Shiite armed factions have played a vital role in the fighting against Daesh. They had been fighting under the umbrella of the Popular Mobilization Forces (PMF) which was established by Nuri Al-Maliki, the former Iraqi prime minister, in June 2014, to cover the armed factions who volunteered to fight Daesh alongside the government. More than 120,000 is the number of fighters officially registered in the payroll of the PMF.
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Saraya Al-Salam, or the Battalions of Peace, the biggest Shiite armed faction linked to the powerful Shiite cleric Muqtada Al-Sadr; Kataib Al-Imam Ali and the Battalions of Imam Ali, which is linked to the Shiite clergymen in Najaf, led by Ayatollah Ali Al-Sistani, are among these factions, officials said.
“To restrict the arms at the hand of the state and limit the unjustified militarization of the society, Sadr has called to legalize all the armed factions in Iraq, including the Popular Mobilization Forces,” Safa’a Al-Timimi, the spokesman of Saraya Al-Salam, told Arab News.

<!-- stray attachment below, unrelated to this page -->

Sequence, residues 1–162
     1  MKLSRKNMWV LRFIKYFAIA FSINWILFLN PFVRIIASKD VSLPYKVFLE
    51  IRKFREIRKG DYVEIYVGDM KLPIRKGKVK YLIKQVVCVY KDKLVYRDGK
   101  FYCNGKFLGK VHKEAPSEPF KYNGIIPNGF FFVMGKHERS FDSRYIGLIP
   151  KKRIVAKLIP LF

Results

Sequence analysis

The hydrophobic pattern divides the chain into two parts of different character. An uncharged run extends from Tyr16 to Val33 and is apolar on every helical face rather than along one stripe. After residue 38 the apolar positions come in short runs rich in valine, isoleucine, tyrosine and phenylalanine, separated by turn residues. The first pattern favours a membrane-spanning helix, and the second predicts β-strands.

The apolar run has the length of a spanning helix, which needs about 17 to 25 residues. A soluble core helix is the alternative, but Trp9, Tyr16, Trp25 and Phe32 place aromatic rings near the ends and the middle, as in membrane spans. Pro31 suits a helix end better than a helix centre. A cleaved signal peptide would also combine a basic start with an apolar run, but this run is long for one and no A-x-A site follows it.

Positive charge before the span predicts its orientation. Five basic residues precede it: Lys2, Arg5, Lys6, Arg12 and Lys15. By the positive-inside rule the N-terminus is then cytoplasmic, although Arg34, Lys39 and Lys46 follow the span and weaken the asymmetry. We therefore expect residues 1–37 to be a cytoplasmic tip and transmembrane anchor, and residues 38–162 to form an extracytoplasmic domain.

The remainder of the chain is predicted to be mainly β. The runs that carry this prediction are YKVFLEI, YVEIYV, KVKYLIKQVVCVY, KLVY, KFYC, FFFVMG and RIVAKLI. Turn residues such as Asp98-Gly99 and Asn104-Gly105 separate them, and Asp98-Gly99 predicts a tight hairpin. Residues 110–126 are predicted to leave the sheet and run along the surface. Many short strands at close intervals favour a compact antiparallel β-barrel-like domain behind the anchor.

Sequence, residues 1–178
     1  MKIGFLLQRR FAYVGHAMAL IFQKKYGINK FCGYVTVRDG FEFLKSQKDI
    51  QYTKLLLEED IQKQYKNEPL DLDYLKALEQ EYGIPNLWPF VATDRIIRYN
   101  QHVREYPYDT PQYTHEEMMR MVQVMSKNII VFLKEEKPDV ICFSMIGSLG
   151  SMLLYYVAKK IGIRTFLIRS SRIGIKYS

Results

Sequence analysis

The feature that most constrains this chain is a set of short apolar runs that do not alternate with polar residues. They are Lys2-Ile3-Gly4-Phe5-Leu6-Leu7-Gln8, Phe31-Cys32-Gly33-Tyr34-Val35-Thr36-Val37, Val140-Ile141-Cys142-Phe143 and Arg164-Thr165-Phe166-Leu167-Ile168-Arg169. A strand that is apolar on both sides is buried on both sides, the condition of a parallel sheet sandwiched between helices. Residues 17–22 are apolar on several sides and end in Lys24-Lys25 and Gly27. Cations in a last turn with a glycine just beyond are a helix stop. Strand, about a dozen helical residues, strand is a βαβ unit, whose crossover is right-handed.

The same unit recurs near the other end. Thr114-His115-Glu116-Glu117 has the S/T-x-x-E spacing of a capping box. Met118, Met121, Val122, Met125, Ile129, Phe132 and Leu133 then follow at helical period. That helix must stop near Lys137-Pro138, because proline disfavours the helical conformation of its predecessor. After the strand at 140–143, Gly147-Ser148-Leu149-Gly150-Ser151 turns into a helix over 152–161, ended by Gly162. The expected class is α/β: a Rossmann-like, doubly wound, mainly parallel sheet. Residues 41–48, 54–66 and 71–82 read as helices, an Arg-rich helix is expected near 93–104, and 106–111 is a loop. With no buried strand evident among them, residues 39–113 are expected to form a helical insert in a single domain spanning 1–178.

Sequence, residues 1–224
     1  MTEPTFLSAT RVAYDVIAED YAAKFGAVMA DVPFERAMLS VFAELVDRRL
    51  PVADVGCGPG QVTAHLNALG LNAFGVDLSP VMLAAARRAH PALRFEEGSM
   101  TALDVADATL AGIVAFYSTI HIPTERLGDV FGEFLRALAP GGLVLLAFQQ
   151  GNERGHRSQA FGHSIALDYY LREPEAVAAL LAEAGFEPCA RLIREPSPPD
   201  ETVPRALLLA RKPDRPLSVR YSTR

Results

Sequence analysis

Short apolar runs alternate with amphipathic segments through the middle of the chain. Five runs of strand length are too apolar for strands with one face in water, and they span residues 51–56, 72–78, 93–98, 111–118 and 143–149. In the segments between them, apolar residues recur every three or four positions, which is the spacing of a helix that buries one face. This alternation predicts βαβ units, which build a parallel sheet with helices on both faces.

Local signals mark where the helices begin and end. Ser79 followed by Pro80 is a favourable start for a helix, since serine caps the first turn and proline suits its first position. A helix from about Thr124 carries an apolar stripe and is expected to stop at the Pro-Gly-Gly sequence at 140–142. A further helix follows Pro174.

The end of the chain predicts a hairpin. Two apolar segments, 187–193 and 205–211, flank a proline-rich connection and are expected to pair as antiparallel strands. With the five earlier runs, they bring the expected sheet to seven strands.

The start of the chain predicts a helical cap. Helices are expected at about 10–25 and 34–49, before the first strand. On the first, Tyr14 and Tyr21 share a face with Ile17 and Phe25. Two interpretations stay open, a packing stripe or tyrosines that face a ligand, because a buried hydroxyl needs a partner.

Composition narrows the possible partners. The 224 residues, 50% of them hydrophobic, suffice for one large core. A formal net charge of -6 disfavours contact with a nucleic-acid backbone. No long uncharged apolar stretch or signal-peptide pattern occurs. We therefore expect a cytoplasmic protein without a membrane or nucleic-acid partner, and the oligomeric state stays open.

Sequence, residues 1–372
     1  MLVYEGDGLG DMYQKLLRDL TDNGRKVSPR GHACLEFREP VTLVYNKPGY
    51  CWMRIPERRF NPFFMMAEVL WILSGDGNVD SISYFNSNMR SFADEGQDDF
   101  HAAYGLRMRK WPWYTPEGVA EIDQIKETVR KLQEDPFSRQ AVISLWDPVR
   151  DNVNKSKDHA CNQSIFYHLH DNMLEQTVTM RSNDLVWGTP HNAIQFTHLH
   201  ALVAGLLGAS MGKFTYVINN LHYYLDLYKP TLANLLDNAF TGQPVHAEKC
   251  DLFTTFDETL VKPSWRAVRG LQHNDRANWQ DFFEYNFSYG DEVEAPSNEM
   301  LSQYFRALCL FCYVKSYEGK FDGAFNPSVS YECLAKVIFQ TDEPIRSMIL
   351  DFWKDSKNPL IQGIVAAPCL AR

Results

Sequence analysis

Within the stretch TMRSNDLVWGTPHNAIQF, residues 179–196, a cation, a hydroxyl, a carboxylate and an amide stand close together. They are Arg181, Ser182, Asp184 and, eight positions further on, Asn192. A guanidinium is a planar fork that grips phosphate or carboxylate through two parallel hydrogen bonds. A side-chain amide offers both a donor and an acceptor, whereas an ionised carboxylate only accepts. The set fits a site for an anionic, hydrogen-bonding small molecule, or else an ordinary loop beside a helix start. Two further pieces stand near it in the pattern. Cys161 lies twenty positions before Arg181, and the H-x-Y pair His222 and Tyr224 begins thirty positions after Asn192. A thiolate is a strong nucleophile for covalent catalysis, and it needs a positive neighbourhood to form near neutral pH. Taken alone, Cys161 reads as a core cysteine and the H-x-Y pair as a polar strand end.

“Of course we are included in this (Sadr’s) call,” Al-Timimi said.
“We have already begun discussions with the ministers of defense and interior weeks ago to put in place a mechanism to include a number of our fighters in their formations,” he added.
Saraya Al-Salam has 6,000 fighters who are formally registered within the PMF, and they have been deployed in northwestern Karbala, central Samarra, Balad and Ishaqi, Al-Timimi said.
“Our call is clear and explicit. The weapons have to be exclusively in the hands of the government and no one but the disciplined fighters will be included within the regular security services,” Al-Timimi said.


Iraq’s new PM will name cabinet in two days

Updated 21 October 2018
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Iraq’s new PM will name cabinet in two days

  • Abdul Mahdi’s proposed cabinet will consist of 22 ministers and two vice-presidents. He will not have a deputy prime minister
  • All the proposed ministers are independents nominated by the political blocs in the ruling coalition